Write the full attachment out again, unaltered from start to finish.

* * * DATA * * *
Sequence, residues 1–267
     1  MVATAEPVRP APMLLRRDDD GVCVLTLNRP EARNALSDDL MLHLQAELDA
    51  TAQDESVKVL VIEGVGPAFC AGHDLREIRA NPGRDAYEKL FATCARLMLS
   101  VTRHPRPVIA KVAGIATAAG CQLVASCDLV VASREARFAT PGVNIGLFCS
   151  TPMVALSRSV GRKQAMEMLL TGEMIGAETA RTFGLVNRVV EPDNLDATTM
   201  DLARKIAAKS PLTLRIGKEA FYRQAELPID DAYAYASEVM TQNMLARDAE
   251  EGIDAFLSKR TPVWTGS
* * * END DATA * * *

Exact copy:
Sequence, residues 1–267
     1  MVATAEPVRP APMLLRRDDD GVCVLTLNRP EARNALSDDL MLHLQAELDA
    51  TAQDESVKVL VIEGVGPAFC AGHDLREIRA NPGRDAYEKL FATCARLMLS
   101  VTRHPRPVIA KVAGIATAAG CQLVASCDLV VASREARFAT PGVNIGLFCS
   151  TPMVALSRSV GRKQAMEMLL TGEMIGAETA RTFGLVNRVV EPDNLDATTM
   201  DLARKIAAKS PLTLRIGKEA FYRQAELPID DAYAYASEVM TQNMLARDAE
   251  EGIDAFLSKR TPVWTGS